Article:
Friday, April 20, 2018

Provincial trade barriers OK'd by Canada's Supreme Court

Supreme Court upholds law prohibiting Canadians, wherever they live, from buying beer wherever they want | The Star - Tonda MacCharles:

April 19, 2018 - ""Gerard Comeau wasn’t the only one shaking his head when the Supreme Court of Canada ruled Thursday there is no 'constitutional guarantee of free trade' within Canada.

"'Money’s more important than liberties, I guess,' said the 64-year-old retired linesman.... Comeau’s bid to strike down the [New Brunswick] Liquor Control Act’s limits on cross-border beer shopping failed, but he became the champion of free-traders across Canada.

"Now some of his supporters hope all the attention his case, and the social media campaign dubbed #freethebeer, brought to the issue will galvanize provincial and federal leaders to drop barriers they say add $50 billion to $130 billion in extra costs to goods and services that cross provincial borders....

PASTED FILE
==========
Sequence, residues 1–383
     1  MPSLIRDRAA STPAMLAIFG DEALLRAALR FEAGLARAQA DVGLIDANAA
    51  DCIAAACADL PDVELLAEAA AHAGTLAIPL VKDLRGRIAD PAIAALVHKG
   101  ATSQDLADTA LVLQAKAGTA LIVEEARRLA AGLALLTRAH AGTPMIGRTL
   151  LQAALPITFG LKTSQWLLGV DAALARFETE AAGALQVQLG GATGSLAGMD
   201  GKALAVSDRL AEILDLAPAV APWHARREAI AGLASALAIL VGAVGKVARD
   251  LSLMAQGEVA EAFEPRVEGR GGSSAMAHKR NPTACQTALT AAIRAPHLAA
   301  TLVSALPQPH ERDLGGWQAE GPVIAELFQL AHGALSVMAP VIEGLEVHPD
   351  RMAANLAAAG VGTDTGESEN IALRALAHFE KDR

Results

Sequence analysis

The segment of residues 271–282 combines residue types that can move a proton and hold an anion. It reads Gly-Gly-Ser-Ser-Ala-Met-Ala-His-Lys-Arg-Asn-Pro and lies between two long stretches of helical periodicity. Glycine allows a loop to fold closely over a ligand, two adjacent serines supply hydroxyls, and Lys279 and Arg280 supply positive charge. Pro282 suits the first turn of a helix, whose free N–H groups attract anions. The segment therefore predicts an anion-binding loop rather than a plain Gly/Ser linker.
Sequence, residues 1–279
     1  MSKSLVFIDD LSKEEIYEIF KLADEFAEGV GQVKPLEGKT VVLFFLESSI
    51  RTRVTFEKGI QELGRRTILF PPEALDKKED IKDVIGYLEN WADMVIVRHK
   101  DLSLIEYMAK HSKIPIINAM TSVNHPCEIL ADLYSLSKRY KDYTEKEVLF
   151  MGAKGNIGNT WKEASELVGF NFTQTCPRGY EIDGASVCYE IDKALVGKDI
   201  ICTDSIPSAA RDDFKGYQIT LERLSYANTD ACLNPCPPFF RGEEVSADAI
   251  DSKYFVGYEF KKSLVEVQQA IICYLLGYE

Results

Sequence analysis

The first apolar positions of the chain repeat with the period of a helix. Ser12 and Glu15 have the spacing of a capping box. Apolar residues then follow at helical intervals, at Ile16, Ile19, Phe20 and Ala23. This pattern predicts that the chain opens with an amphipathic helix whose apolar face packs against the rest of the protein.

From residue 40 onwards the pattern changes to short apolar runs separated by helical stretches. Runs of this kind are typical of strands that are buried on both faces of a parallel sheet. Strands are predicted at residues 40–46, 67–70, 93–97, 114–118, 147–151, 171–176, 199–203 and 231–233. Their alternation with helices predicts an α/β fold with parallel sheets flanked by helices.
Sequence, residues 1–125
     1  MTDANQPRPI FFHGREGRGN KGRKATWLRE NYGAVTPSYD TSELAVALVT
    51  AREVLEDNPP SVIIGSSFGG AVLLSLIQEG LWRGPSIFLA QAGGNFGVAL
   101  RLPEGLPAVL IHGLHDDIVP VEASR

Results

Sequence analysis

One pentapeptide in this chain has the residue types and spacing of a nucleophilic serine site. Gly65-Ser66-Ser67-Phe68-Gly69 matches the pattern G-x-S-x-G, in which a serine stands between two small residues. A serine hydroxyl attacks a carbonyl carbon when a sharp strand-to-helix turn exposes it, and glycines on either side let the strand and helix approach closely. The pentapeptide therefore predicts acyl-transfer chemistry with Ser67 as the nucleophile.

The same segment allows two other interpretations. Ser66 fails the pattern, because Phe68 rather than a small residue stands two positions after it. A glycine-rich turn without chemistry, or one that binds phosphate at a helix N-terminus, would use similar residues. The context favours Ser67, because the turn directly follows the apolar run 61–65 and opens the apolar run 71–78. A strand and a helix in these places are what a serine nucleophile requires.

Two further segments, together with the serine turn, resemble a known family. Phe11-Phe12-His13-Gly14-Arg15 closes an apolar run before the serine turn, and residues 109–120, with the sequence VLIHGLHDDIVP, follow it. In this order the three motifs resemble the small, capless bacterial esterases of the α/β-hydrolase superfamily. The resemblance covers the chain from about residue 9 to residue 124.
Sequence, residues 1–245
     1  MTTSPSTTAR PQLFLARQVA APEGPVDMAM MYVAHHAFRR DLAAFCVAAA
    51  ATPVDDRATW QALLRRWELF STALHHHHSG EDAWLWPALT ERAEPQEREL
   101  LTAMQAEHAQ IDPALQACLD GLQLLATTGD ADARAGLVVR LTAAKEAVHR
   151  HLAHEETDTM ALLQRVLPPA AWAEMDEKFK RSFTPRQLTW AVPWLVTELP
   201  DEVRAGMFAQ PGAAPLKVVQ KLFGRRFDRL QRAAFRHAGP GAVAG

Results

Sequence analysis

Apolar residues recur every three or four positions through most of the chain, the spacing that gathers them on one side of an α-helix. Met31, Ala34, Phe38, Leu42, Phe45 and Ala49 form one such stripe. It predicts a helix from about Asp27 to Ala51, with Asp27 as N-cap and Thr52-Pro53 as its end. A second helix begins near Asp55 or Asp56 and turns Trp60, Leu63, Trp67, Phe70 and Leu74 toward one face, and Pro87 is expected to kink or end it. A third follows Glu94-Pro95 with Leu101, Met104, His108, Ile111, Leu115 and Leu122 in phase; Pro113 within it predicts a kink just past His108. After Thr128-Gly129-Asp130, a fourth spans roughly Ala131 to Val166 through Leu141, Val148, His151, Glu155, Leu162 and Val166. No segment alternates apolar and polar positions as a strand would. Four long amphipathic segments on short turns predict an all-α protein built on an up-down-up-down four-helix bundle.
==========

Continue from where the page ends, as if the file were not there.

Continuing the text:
"The Supreme Court unanimously ruled that the 1867 constitution did not impose 'an absolute free trade regime within Canada' ... [and] any decision to knock down interprovincial trade barriers would be a political one.... It cited the 'need to maintain balance' ... as long as the law’s primary purpose is not aimed at blocking trade across provincial borders.

"Any other interpretation, warned the court, could lead to a whole slew of laws being invalidated: environmental or public health regulations, agricultural controls on the production and distribution of eggs, dairy or poultry, for example, and 'innumerable' other exercises of provincial jurisdiction."

"Lawyer Howard Anglin, of the Canadian Constitutional Foundation, which intervened at the high court in support of Comeau’s arguments, ... believes the ruling actually provides an opportunity for a federal government or federal party leader to push to lower trade barriers, using the federal power to regulate trade and commerce....

"Freer trade between provinces could be a windfall for the provinces, said Anglin, who pointed to a senate committee report that accepted findings by Trevor Tombe and Lukas Albrecht. They say interprovincial barriers cost each Canadian household about $7,500 a year."

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